POETRY FRIDAY (on Saturday :)
High Calling Blogs' Random Acts of Poetry: In the Comment Box
Erin's Tribute to her father-in-law
Erica's Would You Let Him In?

LL's Thanksgiving: Pennies and a Big Blue Sky

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Wednesday, November 12, 2008

On the Radio Tonight

Napoleon's Salon Chairs

Come sit with me a spell. Live at 5:30 pm Central Time (6:30 Eastern). At WSOY's Direct Line. The station streams starting at 5:00 pm, when I believe several hundred college students are being highlighted for their work with creating habitats. Then it's me at 5:30 pm.

I'd be delighted if a few friends were going to be in the living room, smiling and nodding.

Sofa for Three at the Louvre, in Napoleon's Apartments. Photo by L.L. Barkat.

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Tuesday, November 11, 2008

A Bite of Pie and Thanks

Glazed Pearl Pink


What does it conjure for you? Food, football, sleep, too many dirty dishes? On November 20-something-ish (how's that for a definitive date), at Christianity Today, I'm set to talk about marching farmers and homeless slaves, to reflect on how we can celebrate a festival of thanks. [update: article here.] A partner post called Thanksgiving: Pennies and a Big Blue Sky is up at High Calling Blogs.

When it comes to Thanksgiving, though, I bet you also have a lot to share. That's why I'm extending an invitation...


You are cordially invited by L.L. Barkat to join a Thanksgiving Celebration. Just post about a Thanksgiving memory, something you are thankful for this year, a special family Thanksgiving tradition, your favorite "thanksgiving" bible verse, or anything else you can dream up.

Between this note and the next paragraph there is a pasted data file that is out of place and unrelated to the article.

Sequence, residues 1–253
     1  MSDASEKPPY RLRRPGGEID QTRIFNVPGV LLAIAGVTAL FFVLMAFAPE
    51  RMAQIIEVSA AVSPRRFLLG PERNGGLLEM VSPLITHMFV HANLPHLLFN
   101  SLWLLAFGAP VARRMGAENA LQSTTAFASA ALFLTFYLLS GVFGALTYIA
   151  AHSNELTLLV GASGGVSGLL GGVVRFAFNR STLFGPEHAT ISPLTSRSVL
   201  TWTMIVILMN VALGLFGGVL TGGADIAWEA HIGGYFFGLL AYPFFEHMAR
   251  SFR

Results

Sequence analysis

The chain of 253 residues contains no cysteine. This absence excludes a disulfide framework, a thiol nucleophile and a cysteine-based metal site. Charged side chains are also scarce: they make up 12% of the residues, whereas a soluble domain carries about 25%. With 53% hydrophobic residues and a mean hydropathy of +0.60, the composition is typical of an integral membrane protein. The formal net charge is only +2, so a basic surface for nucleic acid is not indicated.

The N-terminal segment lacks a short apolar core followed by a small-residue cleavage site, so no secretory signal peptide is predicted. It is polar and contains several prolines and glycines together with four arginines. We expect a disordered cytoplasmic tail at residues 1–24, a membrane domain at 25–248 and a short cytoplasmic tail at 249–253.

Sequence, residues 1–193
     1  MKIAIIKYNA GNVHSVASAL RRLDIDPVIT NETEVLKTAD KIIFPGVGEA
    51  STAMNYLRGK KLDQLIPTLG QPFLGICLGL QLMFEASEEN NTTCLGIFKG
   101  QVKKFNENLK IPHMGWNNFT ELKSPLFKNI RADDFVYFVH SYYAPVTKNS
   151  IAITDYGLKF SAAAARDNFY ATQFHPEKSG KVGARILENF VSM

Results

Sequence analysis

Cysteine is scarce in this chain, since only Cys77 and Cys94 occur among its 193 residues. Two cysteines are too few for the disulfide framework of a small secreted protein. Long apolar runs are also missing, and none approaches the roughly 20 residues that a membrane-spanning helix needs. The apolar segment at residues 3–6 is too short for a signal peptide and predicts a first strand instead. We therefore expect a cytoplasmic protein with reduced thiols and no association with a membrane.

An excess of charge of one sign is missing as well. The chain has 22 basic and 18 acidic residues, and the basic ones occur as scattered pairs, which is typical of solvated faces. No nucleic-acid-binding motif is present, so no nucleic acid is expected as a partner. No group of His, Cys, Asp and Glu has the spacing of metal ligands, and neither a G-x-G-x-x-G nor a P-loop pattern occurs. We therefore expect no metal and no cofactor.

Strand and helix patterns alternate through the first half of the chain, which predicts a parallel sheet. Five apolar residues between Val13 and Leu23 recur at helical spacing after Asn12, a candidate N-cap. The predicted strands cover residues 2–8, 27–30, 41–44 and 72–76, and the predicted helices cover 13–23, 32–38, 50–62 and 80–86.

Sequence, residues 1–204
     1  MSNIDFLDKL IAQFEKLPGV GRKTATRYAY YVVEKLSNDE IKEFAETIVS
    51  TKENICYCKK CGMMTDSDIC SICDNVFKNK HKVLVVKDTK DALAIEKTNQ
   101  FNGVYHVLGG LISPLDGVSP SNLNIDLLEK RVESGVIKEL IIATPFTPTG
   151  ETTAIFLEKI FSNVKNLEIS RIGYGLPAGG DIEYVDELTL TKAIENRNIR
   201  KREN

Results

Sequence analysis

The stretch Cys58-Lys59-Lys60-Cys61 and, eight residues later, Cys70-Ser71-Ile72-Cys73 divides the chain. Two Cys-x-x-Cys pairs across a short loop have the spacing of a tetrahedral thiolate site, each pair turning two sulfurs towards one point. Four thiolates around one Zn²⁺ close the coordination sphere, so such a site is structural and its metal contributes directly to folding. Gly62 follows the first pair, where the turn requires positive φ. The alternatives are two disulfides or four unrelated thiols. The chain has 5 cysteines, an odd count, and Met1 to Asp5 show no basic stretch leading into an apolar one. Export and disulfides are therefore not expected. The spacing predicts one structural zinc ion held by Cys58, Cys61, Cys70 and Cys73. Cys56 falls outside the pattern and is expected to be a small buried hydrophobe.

Be serious, spiritual, creative, beautiful, humorous, whatever... it's a celebration and good celebrations welcome all kinds of expression!

As a token of thanks for joining us, L.L. will link to you in the Thanksgiving Celebration post (and Christianity Today and High Calling Blogs will link back to said post, so their readers can check out the full celebration). You can make L.L.'s link-love job easier by dropping a comment at the Thanksgiving Celebration post. See you at the pie table!

To participate in the Thanksgiving Celebration:

1. post your Thanksgiving reflection with the invitation above and this little list of two
2. send the invitation to 5 or more friends (or just stash it in your cyber-drawer as a keepsake and take another bite of pie)

You bring the stuffing, I'll bring the cider. And we can smile, sigh, laugh, weep or dance together across the wires. Happy Thanksgiving!

Though anyone reading this post is free to attend, I'm going to specifically invite...

Ann Voskamp
Jennifer Dukes Lee
Mark D. Roberts
Monica Brand
Tina Howard
Billy Coffey
Ann Kroeker
Jim Martin
Ted Gossard
Erica Hale
Ed Gilbreath


Tina's God Math and Gratitude, Billy's Thanksgiving Story, LL's Grace Table, Erica Hale's Thanksgiving, Jennifer Dukes Lee's Beds, Heidi's An Un-American Thanksgiving, Jennifer at Snapshot's Come on Over to My Place, Katrina's Thankfulness Leaves, Robert and David's Thanks for nothing?, Chris's Beyond Thankful, LL's Nine-Patch Togetherness, Tammy's Baby Grands and Oreo Turkeys, Ann K's Thanksgiving Preview, Christine Scheller's Thankful for 23 Years, Linda's Thanksgiving Memory, Lynn's Thanksgiving, Monica's Five Thanks, Joy's The Definition of Joy, Jim Martin's Thankful, Ann Voskamp's Thanksgiving Rightly Addressed, Ted G's Giving Thanks, Marcus's Thanksgiving, Coffee and the Squanto Hop, LL's Thanksgiving: Out-Take, Sarah's I'm Thankful for Speeding Tickets and Flat Tires, Laughing's Scent of Celebration, Gina's Reflections, Lori's Thanksgiving at the Payne Homestead, Jenni's It Just Doesn't Cut It, Daune's Celebrating His Goodness